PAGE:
Intervention vs. control23 primary schools 3 secondary schools 261 pupils +0.74+9+0.26 to +1.22
Pupils eligible for free school meals86 pupils+1.60+18+0.21 to +2.98N/A

How secure is the finding?

The overall finding of the study is assessed as moderately secure. This assessment is based on the study’s design, its size and other factors such as the level of drop-out of participating pupils.

The evaluation was set up as an efficacy trial to test the impact of using SRSD in conjunction with memorable experiences at the transition from primary to secondary school. Efficacy trials seek to test evaluations in the best possible conditions, but they do not seek to demonstrate that the findings hold at scale in all types of schools.

Calderdale Excellence Partnership (CEP) recruited 23 primary schools and three secondary schools that were served by the recruited primary schools and a SRSD developer came from North America to deliver training. The 23 primary schools were randomly assigned by a statistician at the York Trials Unit so that Year 6 teachers in the 11 intervention schools [1] received training to deliver the intervention to their Year 6 pupils. Three secondary schools agreed to honour the randomisation by allocating intervention and comparison school pupils into separate Year 7 classes, and SRSD continued to be delivered, by secondary school English teachers, to the intervention children in the first term of their Year 7. All children (from both the intervention and comparison groups) were tested under exam conditions using the Progress in English 11 (Long Form) Test developed by GL Assessment as a measure of general writing ability. Primary schools allocated to the comparison group were offered the training in the SRSD approach at the end of the trial (known as a ‘wait-list’).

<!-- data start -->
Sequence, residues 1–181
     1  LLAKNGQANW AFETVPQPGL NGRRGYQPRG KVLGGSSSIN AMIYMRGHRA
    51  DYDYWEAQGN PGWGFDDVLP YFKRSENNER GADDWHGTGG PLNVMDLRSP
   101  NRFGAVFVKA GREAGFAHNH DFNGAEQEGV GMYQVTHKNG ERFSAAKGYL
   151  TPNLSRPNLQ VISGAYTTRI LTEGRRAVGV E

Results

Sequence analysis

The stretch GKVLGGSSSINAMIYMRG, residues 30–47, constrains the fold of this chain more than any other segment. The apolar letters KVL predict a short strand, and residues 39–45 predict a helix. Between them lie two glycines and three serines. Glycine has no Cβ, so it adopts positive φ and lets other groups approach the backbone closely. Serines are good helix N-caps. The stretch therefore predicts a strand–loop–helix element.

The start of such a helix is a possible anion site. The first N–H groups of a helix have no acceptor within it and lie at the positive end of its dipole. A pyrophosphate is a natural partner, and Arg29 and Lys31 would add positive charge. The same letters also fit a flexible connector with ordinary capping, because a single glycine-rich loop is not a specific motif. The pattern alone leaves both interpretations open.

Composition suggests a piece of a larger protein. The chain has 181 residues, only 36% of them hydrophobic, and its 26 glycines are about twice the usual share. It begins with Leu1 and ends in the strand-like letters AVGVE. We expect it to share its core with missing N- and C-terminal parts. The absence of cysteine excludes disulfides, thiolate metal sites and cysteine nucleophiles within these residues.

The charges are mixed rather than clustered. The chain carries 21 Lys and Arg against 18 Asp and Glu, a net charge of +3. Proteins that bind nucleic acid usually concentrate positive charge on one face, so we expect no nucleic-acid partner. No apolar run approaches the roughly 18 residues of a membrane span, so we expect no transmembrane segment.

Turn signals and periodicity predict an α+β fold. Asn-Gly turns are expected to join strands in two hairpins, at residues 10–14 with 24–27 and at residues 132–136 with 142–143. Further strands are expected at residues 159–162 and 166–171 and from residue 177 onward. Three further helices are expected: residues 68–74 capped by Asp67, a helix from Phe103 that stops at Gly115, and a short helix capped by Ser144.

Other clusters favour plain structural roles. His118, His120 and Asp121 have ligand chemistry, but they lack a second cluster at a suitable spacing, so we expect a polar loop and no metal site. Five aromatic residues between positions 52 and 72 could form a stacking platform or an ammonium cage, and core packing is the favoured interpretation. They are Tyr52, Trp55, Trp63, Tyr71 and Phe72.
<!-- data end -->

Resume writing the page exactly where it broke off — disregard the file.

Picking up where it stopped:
The study was well conducted with independent randomisation and a moderate sample size. Intention-to-treat analysis was used (i.e. pupils were compared in the groups to which they were originally randomly assigned), blind marking of the test papers was undertaken, and the analysis was adjusted for school randomisation. Attrition was 8.5% for comparison pupils and 8.0% for intervention of those who were eligible because they attended both the primary and participating secondary school, which should have resulted in relatively little bias.

A systematic review of all previous randomised controlled trials of SRSD, largely from North America, has shown that this approach to teaching writing is, on average, very effective, with large effect sizes reported. This trial suggests that the approach can also be effective in English schools.

To increase the security of the finding and to assess its applicability in other schools, a larger evaluation could be commissioned in the future. In addition, further work could be done to try and disentangle the role and importance of the individual components of the intervention (e.g. the training or memorable experiences), as this was not possible within this evaluation.

[1] Correction issued: 17th June 2014. A previous version of this report stated that there were 12 intervention schools.

How much does it cost?

The cost of the approach is estimated at £52 per pupil. This estimate includes training and materials (£60 per teacher or £2 per pupil), and the cost of memorable experiences (£50 per pupil). Estimates are based on a class of 30 pupils, and on training being delivered to a group of 30 teachers.